The Cliffs of Moher. Kylemore Abbey. Newgrange. The Blarney Stone. When you start listing the things Ireland is known for, the things you definitely want to see, the word beach probably doesn’t come up often. Or at all, really. The phrase “Wild Atlantic Way” doesn’t exactly conjure images of strolling on a long sandy beach. But you know what? You can!
Gems of Ireland
Ireland is heavy with history; laden with ancient sacred sites, Medieval castles and abbeys, and Celt and Viking origins. The island is also rich in natural beauty, from the famous Cliffs of Moher and Giants Causeway, to the rolling hills and valleys of the Boyne River Valley. Weaved among the history and beauty is Ireland’s renowned culture. These are the jewels of Ireland, and we will highlight some of the nation’s gems in this ongoing series.
Introducing Inch Beach
The Dingle Peninsula is gorgeous, with rolling green pastures dropping over dramatic cliffs that tumble to the roaring Atlantic Ocean below. There’s a reason the region is called the Wild Atlantic Way.
As improbable as it may seem, the Dingle Peninsula also features one of the best beaches in Ireland: Inch Beach (often called Inch Strand or, in Irish, An Inse). In fact, there are several notable beaches on the Peninsula. So what makes Inch Beach the best of the bunch?
For one thing, it’s a Blue Flag Beach (more on that later), which means it’s reliably clean and accessible. In summer months, the beach is patrolled by lifeguards, and several surf schools offer lessons and rental equipment on the beach. Add clean restrooms and a convenient restaurant, store, and inn, and you’ve got a great beach break destination. The beach features a long and scenic strand of soft sand to sing your toes into and, to top it all off, it faces west for beautiful Irish sunsets.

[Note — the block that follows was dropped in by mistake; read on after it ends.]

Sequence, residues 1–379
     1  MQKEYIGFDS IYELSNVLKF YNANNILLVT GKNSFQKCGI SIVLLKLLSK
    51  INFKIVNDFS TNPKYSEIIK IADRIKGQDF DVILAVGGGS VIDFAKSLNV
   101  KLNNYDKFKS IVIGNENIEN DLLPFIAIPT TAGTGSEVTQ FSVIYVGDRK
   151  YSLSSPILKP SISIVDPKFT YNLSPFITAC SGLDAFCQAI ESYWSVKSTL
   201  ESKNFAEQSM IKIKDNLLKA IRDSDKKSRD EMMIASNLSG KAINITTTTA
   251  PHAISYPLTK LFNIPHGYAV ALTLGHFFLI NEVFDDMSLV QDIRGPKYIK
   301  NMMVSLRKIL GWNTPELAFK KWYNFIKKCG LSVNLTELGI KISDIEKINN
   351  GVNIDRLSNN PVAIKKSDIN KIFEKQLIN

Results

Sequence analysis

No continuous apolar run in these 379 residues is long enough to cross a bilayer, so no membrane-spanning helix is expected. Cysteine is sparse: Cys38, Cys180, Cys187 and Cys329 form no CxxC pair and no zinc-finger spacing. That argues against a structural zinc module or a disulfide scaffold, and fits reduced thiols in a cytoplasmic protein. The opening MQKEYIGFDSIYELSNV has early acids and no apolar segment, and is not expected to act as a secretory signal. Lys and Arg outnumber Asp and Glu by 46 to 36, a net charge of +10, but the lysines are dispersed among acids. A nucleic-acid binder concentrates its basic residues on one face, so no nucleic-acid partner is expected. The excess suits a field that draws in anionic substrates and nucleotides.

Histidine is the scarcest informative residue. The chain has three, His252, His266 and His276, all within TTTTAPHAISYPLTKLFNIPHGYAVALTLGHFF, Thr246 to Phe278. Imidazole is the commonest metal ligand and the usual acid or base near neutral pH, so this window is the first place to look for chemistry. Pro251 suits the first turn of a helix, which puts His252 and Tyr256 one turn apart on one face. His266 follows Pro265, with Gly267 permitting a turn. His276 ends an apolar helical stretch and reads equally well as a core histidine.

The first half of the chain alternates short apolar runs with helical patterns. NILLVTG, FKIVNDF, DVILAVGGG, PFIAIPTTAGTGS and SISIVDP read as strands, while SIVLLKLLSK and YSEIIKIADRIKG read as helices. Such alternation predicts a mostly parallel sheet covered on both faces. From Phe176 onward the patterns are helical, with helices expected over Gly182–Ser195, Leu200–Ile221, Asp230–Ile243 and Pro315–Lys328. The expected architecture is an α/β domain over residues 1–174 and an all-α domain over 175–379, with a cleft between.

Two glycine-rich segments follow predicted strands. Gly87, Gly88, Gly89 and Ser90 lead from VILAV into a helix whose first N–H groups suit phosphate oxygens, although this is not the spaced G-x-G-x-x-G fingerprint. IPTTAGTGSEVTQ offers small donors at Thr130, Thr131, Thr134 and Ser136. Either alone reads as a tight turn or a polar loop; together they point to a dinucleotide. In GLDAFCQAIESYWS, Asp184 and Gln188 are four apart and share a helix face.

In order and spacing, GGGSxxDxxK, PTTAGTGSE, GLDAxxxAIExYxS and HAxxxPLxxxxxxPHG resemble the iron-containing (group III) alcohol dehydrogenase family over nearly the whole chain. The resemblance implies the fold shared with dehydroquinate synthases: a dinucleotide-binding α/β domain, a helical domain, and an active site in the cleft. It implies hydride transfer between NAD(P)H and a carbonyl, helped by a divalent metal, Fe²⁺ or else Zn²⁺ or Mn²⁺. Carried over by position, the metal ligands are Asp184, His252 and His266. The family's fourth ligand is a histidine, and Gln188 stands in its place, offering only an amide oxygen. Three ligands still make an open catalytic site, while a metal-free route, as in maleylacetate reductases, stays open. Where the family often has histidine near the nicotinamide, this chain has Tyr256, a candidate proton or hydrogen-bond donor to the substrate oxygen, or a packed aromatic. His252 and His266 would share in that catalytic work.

Ireland’s Blue Flag Beaches
Blue Flag is an international distinction given every year to about 4000 beaches and marinas in 49 countries. To qualify, a location has to meet stringent water quality standards, as well as safety and access related criteria. In Ireland, the water must maintain the Excellent Standard of the 2006 EU Bathing Water Directive. In other words, it’s wonderfully clean.
To be considered for Blue Flag distinction, you need more than clean water: Restrooms must be clean, and “porta-potties” don’t count. Trash and recycling containers must be available and maintained, and the beach must be clean of debris (except for natural debris like algae and seaweed). There must be clean drinking water available, as well as first aid equipment. In short, the beach is actively managed (though only June through September), which sets the Blue Flag beaches apart from equally pretty beaches around the island.
Although it’s our favorite, Inch Beach is not the only Blue Flag beach in Ireland. The nation is admirably eco-conscious, so it’s no surprise that there are 81 beaches, and seven marinas, that earned the award in 2017.
Dingle Peninsula Beaches
It turns out, the Dingle Peninsula is a veritable beach blanket bingo! There are a few large public beaches, and smaller sandy coves and landings, mostly on the north and south shores. In no particular order, other notable beaches include:
- Ventry Beach
- Ventry is another Blue Flag Beach, and is not far from Inch Beach on the south side of the Peninsula. It’s proximity to Dingle town makes it the most popular in the area.